Bombay Calling Ben Addelman and Samir Mallal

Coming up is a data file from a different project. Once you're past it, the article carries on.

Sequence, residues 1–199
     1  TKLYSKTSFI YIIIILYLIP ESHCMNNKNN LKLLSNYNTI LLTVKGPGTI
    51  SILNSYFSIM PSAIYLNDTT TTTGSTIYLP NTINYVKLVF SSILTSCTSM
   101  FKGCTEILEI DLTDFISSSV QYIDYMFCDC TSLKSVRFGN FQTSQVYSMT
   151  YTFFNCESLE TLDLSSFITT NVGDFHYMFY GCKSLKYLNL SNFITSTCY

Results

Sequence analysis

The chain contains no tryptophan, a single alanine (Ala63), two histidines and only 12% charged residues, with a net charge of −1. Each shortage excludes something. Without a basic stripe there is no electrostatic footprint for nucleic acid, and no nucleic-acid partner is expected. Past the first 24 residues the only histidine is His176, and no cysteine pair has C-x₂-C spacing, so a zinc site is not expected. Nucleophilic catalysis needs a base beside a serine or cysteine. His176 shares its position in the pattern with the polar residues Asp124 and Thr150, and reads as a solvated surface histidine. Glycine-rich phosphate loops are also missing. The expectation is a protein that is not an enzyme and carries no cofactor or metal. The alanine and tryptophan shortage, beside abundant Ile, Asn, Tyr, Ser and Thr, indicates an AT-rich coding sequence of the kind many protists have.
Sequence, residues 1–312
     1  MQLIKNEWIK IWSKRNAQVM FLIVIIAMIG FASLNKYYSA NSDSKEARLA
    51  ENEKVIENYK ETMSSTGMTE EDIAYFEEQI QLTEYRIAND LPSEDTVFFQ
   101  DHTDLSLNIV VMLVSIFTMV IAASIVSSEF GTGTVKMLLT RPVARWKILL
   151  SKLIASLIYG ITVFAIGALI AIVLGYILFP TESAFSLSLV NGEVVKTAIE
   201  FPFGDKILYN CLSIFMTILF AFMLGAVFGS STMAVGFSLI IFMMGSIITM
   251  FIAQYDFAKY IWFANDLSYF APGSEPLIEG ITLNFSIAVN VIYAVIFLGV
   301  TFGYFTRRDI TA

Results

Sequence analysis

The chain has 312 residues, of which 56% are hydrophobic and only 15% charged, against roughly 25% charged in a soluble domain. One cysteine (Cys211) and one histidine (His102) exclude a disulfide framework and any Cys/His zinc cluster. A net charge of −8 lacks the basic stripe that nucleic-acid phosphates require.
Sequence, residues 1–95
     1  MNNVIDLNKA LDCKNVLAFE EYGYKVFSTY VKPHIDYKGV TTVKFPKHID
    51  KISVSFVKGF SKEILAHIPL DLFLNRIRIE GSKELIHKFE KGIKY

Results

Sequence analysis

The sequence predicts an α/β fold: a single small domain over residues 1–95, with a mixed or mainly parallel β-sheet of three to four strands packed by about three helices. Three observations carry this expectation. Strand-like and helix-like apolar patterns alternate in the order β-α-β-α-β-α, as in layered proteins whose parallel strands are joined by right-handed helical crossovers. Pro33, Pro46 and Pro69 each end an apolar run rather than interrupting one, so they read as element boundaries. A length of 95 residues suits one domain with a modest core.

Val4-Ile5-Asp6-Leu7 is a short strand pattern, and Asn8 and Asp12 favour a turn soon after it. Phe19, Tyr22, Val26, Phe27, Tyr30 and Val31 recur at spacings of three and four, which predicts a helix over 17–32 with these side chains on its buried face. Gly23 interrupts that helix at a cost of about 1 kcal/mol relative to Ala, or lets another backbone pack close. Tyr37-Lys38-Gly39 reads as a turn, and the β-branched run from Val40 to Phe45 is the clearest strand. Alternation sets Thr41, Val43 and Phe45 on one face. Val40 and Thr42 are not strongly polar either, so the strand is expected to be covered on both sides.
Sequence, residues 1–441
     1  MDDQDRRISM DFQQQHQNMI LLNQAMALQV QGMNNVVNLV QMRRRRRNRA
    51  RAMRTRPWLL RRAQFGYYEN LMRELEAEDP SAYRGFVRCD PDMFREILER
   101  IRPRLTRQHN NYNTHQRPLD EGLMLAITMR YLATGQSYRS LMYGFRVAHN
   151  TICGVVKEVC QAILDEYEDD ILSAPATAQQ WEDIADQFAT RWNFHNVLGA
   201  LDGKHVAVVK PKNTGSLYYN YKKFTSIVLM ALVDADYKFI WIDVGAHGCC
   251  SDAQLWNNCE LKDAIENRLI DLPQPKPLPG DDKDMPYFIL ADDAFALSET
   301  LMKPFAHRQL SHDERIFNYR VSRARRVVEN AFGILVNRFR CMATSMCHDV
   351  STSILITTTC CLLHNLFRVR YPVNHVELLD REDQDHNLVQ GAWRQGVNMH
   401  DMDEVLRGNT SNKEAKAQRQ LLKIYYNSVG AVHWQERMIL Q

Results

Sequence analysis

You know those inevitable suppertime phone calls you get where there’s a delay on the line and some woman who sounds like she’s calling from the moon goes in a thick Indian accent, "Hello, this is Sandra calling with a very special offer…” and you’re all irritated and your supper is getting cold and you get her off the line as quickly as possible, thinking, "who the hell are these people?” Well, Bombay Calling is a peppy documentary that answers that very question: these are young Indians, fresh out of school, who’ve flocked to Mumbai to take advantage of the call centre outsourcing boom. The second collaboration by Concordia communications grads Addelman and Mallal (Discordia) takes a friendly peak at a posse of university graduates whose engineering degrees garner them substantially better wages flogging telecom services to the west. They are poster children for India’s changing times; they sell hard, take American accent lessons, talk about love and marriages, and go for beers after work but still send money home to the village as dutiful sons and daughters. Although the subjects are engaging, the film doesn’t examine this radical change to Indian cultural mores in much depth and one is left with all sorts of questions about the economic and socio-political upshot. One thing becomes unsurprisingly clear, though, as the film documents the telemarketers’ increasing desperation and fatigue trying to reach their targets: working in a call centre sucks. Special features include a filmmakers’ commentary and the short Heavy Metal India, an endearing mini-doc about Mumbai’s diehard metal fans. (Mongrel Media)